ment; and disperse those foreigners in whose attachment he chiefly confided. He communicated his sentiments on this subject to his confidant, the earl of Sunderland, who knew by experience the aversion of the people to a standing army; nevertheless, he encouraged him with hope of success, on the supposition that the commons would see the difference between an army raised by the king's private authority, and a body of veteran troops maintained by consent of parliament, for the security of the kingdom. This was a distinction to which the people paid no regard. All the jealousy of former parliaments seemed to be roused by the bare proposal and this was inflamed by a national prejudice against the refugees, in whose favour the king had betrayed repeated marks of partial indulgence. They were submissive, tractable, and wholly dependant upon his will and generosity. The Jacobites failed not to cherish the seeds of dissatisfaction, and reproach the whigs who countenanced this measure. They branded that party with apostacy from their former principles. They observed, that the very persons who, in the late reigns, endeavoured to abridge the prerogative, and deprive the king of that share of power which was absolutely necessary to actuate the machine of government, were now become advocates for maintaining a standing army in time of peace; nay, and impudently avowed, that their complaisance to the court in this particular, was owing to their desire of excluding from all share in the administration, a faction disaffected to his majesty, which might mislead him into more pernicious measures. The majority of those who really entertained revolutionprinciples opposed the court, from apprehensions that a standing army, once established, would take root, and grow into a habitual maxim of government; that, should the people be disarmed, and the sword left in the hands of mercenaries, the liberties of the nation must be entirely at the mercy of him by whom those merce

naries should be commanded. They might overawe elections, dictate to parliaments, and establish a tyranny, before the people could take any measures for their own protection. They could not help thinking it was possible to form a militia, that, with the concurrence of a fleet, might effectually protect the kingdom from the dangers of an invasion. They firmly believed, that a militia might be regularly trained to arms, so as to acquire the dexterity of professed soldiers: and they did not doubt they would surpass those hirelings in courage, considering that they would be animated by every concurring motive 'of interest, sentiment, and affection. Nay, they argued that Britain, surrounded as it was by a boisterous sea, secured by floating bulwarks, abounding with stout and hardy inhabitants, did not deserve to be free, if her sons could not protect their liberties without the assistance of mercenaries, who were, indeed, the only slaves in the kingdom. Yet, among the genuine friends of their country, some individuals espoused the opposite maxims. They observed, that the military system of every government in Europe was now altered: that war was become a trade, and discipline a science not to be learned but by those who made it their sole profession; that, therefore, while France kept up a large standing army of veterans, ready to embark on the opposite coast, it would be absolutely necessary, for the safety of the nation, to maintain a small standing force, which should be voted in parliament from year to year. They might have suggested another expedient, which in a few years would have produced a militia of disciplined men. Had the soldiers of this small standing army been enlisted for a term of years, at the expiration of which they might have claimed their discharge, volunteers would have offered themselves from all parts of the kingdom, even from the desire of learning the use and exercise of arms, the ambition of being concerned in scenes of actual service, and the chagrin of little disap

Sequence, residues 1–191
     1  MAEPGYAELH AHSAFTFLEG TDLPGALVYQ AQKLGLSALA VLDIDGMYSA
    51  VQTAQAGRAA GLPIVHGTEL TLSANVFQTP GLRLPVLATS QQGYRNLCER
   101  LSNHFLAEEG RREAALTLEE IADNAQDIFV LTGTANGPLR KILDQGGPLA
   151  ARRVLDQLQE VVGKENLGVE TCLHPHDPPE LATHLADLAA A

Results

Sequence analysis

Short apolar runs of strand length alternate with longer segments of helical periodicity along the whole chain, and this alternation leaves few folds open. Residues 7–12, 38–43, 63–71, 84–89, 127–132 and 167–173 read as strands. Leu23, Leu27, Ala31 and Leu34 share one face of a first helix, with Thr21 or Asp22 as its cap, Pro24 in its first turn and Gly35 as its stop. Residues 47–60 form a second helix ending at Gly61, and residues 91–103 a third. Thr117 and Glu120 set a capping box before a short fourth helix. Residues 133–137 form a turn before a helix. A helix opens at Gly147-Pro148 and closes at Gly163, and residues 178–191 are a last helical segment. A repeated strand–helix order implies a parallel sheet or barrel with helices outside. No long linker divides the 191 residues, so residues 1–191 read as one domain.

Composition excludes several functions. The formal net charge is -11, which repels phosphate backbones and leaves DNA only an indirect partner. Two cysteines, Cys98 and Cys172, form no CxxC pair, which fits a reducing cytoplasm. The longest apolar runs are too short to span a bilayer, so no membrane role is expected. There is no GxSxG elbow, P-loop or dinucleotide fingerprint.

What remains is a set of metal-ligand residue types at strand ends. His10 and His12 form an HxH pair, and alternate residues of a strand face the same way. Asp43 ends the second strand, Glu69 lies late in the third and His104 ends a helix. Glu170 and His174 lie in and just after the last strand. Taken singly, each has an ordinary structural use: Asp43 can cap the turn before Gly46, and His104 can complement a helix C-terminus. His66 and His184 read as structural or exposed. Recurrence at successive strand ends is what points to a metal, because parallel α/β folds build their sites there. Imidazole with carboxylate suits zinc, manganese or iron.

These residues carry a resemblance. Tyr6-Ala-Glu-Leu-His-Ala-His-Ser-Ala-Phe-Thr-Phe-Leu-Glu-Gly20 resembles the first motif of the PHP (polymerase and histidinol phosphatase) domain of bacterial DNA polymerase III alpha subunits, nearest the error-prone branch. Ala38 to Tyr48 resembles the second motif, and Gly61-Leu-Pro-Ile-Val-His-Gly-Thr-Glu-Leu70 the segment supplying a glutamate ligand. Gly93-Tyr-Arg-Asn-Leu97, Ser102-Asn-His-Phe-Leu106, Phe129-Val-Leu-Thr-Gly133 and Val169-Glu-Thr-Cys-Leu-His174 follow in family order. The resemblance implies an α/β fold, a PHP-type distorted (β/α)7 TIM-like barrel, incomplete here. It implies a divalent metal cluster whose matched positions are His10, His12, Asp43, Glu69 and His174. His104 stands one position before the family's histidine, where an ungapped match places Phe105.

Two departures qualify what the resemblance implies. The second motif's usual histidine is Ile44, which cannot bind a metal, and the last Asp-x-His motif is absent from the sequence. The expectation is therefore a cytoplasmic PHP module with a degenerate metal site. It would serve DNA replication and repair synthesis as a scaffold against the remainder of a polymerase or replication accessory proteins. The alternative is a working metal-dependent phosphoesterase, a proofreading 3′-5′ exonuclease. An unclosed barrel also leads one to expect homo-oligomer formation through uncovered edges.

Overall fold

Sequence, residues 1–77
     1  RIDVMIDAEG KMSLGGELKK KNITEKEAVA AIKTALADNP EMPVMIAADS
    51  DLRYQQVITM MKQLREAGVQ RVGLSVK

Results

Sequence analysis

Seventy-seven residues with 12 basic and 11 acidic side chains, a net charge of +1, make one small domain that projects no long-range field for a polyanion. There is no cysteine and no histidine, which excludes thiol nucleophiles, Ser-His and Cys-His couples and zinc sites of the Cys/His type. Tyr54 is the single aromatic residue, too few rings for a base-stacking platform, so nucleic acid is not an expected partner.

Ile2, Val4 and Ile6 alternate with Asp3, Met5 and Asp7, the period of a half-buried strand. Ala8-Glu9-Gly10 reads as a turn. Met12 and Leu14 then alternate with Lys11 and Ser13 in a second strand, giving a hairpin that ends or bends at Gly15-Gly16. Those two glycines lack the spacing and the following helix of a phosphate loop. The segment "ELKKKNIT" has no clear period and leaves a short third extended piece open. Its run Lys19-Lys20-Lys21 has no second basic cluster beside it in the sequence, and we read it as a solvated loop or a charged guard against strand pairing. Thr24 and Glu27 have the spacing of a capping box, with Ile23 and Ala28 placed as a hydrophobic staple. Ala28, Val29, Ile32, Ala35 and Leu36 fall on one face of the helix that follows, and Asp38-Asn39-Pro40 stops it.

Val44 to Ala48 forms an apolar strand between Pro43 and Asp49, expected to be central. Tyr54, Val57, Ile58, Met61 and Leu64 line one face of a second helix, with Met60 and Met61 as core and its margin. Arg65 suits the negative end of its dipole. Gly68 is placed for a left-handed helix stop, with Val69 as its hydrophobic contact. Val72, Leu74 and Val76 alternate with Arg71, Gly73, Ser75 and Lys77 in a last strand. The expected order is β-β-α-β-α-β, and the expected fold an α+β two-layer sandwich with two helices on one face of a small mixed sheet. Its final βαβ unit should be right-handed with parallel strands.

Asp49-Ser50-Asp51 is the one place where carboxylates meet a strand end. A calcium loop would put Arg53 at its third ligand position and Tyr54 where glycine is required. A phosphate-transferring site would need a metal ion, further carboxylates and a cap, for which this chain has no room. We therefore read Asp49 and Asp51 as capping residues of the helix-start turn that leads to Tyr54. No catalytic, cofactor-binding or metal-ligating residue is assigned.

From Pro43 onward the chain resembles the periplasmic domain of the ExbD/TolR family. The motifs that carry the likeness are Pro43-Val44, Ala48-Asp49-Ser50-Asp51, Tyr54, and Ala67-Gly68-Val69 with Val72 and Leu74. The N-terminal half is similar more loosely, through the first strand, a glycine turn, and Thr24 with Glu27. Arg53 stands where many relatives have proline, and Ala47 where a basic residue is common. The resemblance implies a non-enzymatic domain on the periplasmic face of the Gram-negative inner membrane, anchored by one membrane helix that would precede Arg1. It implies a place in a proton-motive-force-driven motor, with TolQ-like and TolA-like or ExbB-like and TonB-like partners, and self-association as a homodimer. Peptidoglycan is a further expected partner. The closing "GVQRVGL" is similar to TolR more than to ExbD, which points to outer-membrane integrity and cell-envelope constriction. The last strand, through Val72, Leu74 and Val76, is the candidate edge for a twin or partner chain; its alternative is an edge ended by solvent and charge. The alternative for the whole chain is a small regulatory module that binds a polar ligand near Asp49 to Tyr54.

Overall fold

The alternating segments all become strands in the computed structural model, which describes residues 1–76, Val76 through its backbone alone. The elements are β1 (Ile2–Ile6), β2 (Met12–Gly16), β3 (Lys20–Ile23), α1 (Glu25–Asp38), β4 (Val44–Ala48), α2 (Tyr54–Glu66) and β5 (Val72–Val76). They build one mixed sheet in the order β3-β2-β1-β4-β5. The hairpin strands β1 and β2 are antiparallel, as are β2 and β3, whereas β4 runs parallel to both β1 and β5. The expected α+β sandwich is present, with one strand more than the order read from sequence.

pointments, or temporary disgust, which yet could not have impelled them to enlist as soldiers on the common terms of perpetual slavery. In consequence of such a succession, the whole kingdom would soon have been stocked with members of a disciplined militia, equal, if not superior, to any army of professed soldiers. But this scheme would have defeated the purpose of the government, which was more afraid of domestic foes than of foreign enemies; and industriously avoided every plan of this nature, which could contribute to render the malecontents of the nation more formidable.

§ II. Before we proceed to the transactions of parliament in this session, it may not be amiss to sketch the outlines of the ministry, as it stood at this juncture. The king's affection for the earl of Portland had begun to abate, in proportion as his esteem for Sunderland increased, together with his consideration for Mrs. Villiers, who had been distinguished by some particular marks of his majesty's favour. These two favourites are said to have supplanted Portland, whose place in the king's bosom was now filled by Van Keppel, a gentleman of Guelderland, who had first served his majesty as a page, and afterward acted as private secretary. The earl of Portland growing troublesome, from his jealousy of this rival, the king resolved to send him into honourable exile, in quality of an ambassador extraordinary to the court of France; and Trumbal, his friend and creature, was dismissed from the office of secretary, which the king conferred upon Vernon, a plodding man of business, who had acted as under-secretary to the duke of Shrewsbury. This nobleman rivalled the earl of Sunderland in his credit at the council-board, and was supported by Somers, lord-chancellor of England, by Russel, now earl of Orford, first lord of the admiralty, and Montague, chancellor of the exchequer. Somers was an upright judge, a plausible statesman, a consummate courtier, affable, mild, and insinuating. Orford